20 Apr Celebrating Differences all the Way Up the Ladder
U.S.Department of Energy
How can organizations best promote diversity and inclusion?
Tina Norris, PhD, senior survey statistician, Racial Statistics Branch, U.S. Census Bureau • One of the biggest keys to becoming successful in any field is seizing opportunity. Talent follows opportunity, and organizations need to take advantage of the individual and corporate benefits of promoting diversity at every level of advancement.
Sharon P. Wyatt, attorney advisor, Office of Civil Rights, U.S. Department of Energy • Organizations can best promote diversity and inclusion by measuring, tracking, and training their leaders, supervisors, and managers to ensure that they are accountable for the implementation of their diversity and inclusion plans and goals.
Jody L. TallBear, attorney advisor, Office of Economic Impact and Diversity, U.S. Department of Energy • There should be recognition that all communities of color are not the same, and just because one diverse group has made its issues known doesn’t mean that the organization has a better understanding of other communities. As a Native American who is usually captured in the “other” category, I see other communities getting a seat at the table regularly, but this doesn’t translate into sensitivity or inclusion of Native Americans.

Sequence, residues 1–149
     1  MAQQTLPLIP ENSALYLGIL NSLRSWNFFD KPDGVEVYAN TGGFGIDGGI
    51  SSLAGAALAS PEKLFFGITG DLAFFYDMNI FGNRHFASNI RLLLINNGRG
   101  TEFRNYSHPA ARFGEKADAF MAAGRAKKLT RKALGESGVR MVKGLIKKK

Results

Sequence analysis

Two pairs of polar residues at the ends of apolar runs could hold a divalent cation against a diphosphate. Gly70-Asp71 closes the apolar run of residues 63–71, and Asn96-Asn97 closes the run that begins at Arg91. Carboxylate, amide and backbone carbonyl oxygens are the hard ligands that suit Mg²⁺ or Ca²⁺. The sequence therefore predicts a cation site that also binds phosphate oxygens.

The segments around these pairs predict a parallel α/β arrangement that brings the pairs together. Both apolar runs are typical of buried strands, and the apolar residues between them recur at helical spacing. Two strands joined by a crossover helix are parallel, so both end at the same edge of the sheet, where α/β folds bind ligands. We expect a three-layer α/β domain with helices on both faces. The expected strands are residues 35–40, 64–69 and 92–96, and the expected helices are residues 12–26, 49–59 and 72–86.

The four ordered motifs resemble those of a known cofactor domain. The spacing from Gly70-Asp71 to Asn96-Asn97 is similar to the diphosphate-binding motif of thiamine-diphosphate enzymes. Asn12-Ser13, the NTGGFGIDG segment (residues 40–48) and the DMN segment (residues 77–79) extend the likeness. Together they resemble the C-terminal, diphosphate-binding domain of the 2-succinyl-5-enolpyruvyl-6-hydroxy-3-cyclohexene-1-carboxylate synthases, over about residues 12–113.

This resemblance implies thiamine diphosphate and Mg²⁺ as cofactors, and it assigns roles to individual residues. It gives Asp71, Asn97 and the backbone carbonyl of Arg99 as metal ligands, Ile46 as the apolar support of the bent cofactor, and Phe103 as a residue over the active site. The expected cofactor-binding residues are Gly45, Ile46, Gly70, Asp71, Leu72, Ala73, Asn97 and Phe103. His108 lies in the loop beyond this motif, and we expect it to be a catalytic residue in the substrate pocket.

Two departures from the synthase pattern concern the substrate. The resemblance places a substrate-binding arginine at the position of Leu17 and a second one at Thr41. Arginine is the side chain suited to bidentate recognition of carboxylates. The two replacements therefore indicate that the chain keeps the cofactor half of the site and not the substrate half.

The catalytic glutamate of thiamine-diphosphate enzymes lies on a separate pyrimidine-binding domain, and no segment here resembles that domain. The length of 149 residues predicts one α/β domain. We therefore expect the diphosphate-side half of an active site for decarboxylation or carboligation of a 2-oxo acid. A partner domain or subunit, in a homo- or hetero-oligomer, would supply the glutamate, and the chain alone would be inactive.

Mékell Mikell, PhD, special advisor to the director, Office of Economic Impact and Diversity, U.S. Department of Energy • An organization can promote diversity and inclusion by harnessing the full range of talent and experi- ences of its members, its community, and society, serving as a steward of acceptance and professional integrity.
Dot Harris, director, Office of Economic Impact and Diversity, U.S. Department of Energy • When organizations benefit from improvement in performance metrics such as productivity, innovation, effectiveness, and competitiveness after promoting diversity and inclusion, all employees win.
Patricia Zarate, attorney advisor and employee concerns program manager, Office of Civil Rights, U.S. Department of Energy • It starts at the top. An organization cannot achieve a culture of diversity and inclusion unless its leader recognizes and respects the differences in backgrounds, experiences, and ideas of her staff. Similarly, to foster an inclusive environment, a leader must build on the strengths of all of her staff—not just a select few—by providing opportunities that help employees reach their full potential and contribute to the mission of the organization.